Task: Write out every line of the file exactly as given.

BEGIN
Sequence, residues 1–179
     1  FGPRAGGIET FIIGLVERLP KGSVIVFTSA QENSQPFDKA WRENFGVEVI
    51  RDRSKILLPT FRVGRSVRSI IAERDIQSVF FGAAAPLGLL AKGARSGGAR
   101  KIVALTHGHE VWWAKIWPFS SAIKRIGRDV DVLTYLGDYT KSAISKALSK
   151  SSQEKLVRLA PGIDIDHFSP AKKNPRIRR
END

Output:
Sequence, residues 1–179
     1  FGPRAGGIET FIIGLVERLP KGSVIVFTSA QENSQPFDKA WRENFGVEVI
    51  RDRSKILLPT FRVGRSVRSI IAERDIQSVF FGAAAPLGLL AKGARSGGAR
   101  KIVALTHGHE VWWAKIWPFS SAIKRIGRDV DVLTYLGDYT KSAISKALSK
   151  SSQEKLVRLA PGIDIDHFSP AKKNPRIRR